Vaccination, Paxlovid decrease risk of long COVID, studies show
By Janelle Chavez, CNN
People who are vaccinated or who take Paxlovid during a COVID-19 infection have a lower risk of developing long COVID, new research shows.
The US Centers for Disease Control and Prevention defines long COVID as new, returning or ongoing health issues more than four weeks after an initial infection. According to the CDC, 1 in 5 COVID-19 survivors ages 18 to 64 and 1 in 4 survivors 65 or older have an ongoing health issue that might be attributable to COVID-19 infection.
A study published Thursday in JAMA Internal Medicine analyzed data from 41 studies, including more 860,000 people around the world. Of the four studies with vaccination information of nearly 250,000 people, those who had been vaccinated against COVID-19 had almost half the risk of long COVID than people who weren’t vaccinated.
“These findings are important because they enable us to better understand who may develop long COVID and also advocate for the benefit of vaccination,” said Dr. Eleana Ntatsaki, a rheumatologist at Ipswich Hospital in England and co-author of the study.
Dr. Linda Geng, co-director of Stanford University’s Post-Acute COVID-19 Syndrome Clinic, says the findings are encouraging and add to mounting evidence that vaccines can reduce the risk of long COVID.
“That is probably one of the best tools that we have, to get vaccinated to help reduce severe acute illness but helping hopefully also to prevent and protect against developing long COVID,” said Geng, who was not involved in the research.
Women, people who smoke, those who are overweight and adults over 40 are more likely to have long COVID, the study found.
Hospitalization during a COVID-19 infection as well as underlying health problems including asthma, COPD, diabetes, coronary heart disease, a weakened immune system, anxiety and depression are also associated with increased risk of the condition.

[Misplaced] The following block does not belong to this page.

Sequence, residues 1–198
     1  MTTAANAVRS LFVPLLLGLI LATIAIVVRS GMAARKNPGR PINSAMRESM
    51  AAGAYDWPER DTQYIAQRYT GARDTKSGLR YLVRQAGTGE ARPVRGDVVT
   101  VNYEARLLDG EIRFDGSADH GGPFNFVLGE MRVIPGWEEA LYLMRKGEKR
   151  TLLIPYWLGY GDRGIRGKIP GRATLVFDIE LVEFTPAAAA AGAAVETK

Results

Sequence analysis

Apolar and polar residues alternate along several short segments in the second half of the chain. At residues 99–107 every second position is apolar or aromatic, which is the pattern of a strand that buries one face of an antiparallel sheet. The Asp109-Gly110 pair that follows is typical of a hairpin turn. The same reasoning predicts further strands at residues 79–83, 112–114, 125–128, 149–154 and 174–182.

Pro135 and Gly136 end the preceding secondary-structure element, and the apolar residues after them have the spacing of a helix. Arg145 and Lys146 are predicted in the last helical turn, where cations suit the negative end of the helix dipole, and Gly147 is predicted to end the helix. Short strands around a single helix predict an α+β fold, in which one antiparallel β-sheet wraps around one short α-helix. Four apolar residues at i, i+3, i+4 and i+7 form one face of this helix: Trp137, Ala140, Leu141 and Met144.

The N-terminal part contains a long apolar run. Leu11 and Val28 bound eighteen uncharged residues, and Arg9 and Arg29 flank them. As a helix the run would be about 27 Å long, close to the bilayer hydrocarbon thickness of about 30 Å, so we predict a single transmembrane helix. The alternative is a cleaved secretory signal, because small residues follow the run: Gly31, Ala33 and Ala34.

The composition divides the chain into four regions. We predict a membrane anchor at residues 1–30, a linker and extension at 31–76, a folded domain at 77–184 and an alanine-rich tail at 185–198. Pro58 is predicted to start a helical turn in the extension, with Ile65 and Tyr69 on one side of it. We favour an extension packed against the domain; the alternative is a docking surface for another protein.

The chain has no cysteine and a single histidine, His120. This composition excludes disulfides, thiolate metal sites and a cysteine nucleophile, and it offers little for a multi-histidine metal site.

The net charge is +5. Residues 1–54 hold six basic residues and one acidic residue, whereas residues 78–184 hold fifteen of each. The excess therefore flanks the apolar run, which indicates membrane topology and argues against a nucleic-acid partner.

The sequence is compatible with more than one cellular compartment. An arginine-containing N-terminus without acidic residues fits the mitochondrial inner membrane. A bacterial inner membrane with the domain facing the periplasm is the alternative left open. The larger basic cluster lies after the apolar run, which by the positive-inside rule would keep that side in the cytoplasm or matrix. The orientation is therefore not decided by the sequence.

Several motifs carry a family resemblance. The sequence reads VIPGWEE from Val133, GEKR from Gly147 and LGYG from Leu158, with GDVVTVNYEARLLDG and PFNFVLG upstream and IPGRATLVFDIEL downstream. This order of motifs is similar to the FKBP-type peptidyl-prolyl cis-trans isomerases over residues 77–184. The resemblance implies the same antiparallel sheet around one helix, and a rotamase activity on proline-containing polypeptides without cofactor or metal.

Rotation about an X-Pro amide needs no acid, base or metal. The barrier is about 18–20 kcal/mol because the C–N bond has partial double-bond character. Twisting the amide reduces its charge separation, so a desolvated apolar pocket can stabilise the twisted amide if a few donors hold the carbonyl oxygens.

Previous research has found that long COVID is associated with nearly twice the risk of heart and lung problems or death.
The study authors say these findings will help providers better understand long COVID and serve those living with the condition.
“We can have a better strategy for optimizing any modifiable risk factors, with public health promotion campaigns, encouraging smoking cessation, vaccination and healthy weight management in the target population,” Ntatsaki said.
Another study published Thursday in JAMA Internal Medicine found that using the antiviral medication Paxlovid within five days of a positive COVID-19 test was associated with a lower risk of long COVID in all age groups, regardless of vaccination status or history of infection.
Paxlovid was linked with a 26% lower risk of long COVID, a 47% lower risk of death and a 24% lower risk of hospitalization 30 days after an initial infection.
“This is really a sizable risk reduction that we think is important,” said Dr. Ziyad Al-Aly, chief of research and development at the VA St. Louis Health Care System and co-author of the study.
Al-Aly notes that the study included only people taking Paxlovid under its emergency use authorization, which includes adults over 60 or those who have an underlying medical condition, so the findings do not apply to everyone.
However, the findings support the use of Paxlovid use in high-risk people, as much focus has been on preventing hospitalization and death during the initial infection, Al-Aly says.
“When thinking about whether to use Paxlovid or not, we should be thinking about effectiveness in the acute phase but also effectiveness in reducing the long-term complications from COVID infection.”
Experts hope the research encourages further studies on prevention and management of long COVID, as there is currently no specific treatment for the condition.
“I do want to remind everybody that, for example, in our own clinical practice, we still see people who are having long COVID despite having been vaccinated and despite having antiviral therapy during acute COVID. So, while these might be promising and help reduce risk, it doesn’t take it away completely,” Geng said. “There’s currently really no guarantee against long COVID except to not get COVID.”
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